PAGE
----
The problems with quality of high-rise construction were typified by the Ronan Point disaster in London’s East End in 1968. A gas explosion on the eighteenth floor of a newly-constructed high-rise residential block in Newham caused a chain reaction resulting in the collapse of an entire corner of the block.
The expression ‘homes fit for heroes’ was originally coined in the wake of World War I. it was the Housing Act 1919 which first required local authorities to provide housing with the help of central-government subsidies. The housing shortage returned to the top of the political agenda following World War II.
The election of 1945 was undoubtedly a pivotal turning point in Britain’s modem political history. Britain’s war-time leader, Winston Churchill, was voted out as surplus to requirements as the electorate put its faith in a new beginning. Middle Britain was perhaps unsure whether or not it really wanted the socialism that was on offer, but Continue Reading
This chapter begins with the election of Clement Attlee as Prime Minister on 5 July 1945 in the final weeks of the Second World War. This was the first Labour administration to be elected with a sizable majority and to its full term of office. Britain at the time was essentially bankrupt and was faced Continue Reading
In writing a book such as this I have undoubtedly been influenced by many of the colleagues with whom I have worked at the University of Reading. Brian Atkin, John Bennett and Roger Flanagan in no small way acted as role models for how academics should behave in a university environment.
Chapter 1 charts the various influences on the construction improvement debate from the aftermath of the Second World War through to the election of Margaret Thatcher in 1979. Attention is given to the industrial unrest of the 1970s and the collapse of the post-war social consensus.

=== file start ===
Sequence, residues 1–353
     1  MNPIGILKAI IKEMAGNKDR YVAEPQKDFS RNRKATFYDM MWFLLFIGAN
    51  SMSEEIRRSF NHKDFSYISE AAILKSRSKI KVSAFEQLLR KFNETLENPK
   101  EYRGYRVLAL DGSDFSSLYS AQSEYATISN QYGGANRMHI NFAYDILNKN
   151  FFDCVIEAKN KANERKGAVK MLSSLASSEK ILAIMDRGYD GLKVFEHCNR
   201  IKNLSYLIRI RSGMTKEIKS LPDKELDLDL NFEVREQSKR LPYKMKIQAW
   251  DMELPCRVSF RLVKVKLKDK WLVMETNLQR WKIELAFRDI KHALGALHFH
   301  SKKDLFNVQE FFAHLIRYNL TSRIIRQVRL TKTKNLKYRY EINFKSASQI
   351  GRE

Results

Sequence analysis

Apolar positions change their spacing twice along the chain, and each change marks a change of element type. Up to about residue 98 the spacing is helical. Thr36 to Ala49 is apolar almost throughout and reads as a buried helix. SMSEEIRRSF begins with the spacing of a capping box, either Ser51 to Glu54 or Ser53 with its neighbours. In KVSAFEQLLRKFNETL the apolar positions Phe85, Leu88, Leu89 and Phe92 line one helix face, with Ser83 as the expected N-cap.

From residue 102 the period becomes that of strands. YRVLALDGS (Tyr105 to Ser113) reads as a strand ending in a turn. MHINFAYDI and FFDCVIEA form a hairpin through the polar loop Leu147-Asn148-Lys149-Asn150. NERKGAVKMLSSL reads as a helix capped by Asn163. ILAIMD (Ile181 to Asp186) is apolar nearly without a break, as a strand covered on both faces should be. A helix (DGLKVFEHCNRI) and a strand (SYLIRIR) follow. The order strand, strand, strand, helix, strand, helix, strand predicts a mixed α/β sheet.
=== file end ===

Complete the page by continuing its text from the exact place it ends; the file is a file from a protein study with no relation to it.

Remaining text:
To tell the story of how the debate about construction improvement has evolved over time, it is clearly necessary to select a starting point. In many respects, the choice of when to start the description is somewhat arbitrary.
It must be conceded out the outset that the construction sector is not a homogeneous entity. The author is well-aware of the continuing debate about boundary definition (e.g. Pearce, 2003) and the contention that the construction industry is not a single industry, but several separate sub-industries each with its own distinguishing characteristics (Ive and Gruneberg, Continue Reading
In light of the construction sector’s sensitivity to subtle shifts in government policy, it is striking how much of the improvement debate remains focused on narrow issues of cost efficiency. To focus on improving efficiency is of course no bad thing. Few people in the construction sector (or elsewhere) argue in favour of inefficiency.
In seeking to understand the context within which construction improvement is enacted, it is clearly also necessary to understand the structural characteristics of the construction sector. Unfortunately, management improvement recipes are invariably considered entirely separately from economic analyses of industry change (and vice versa).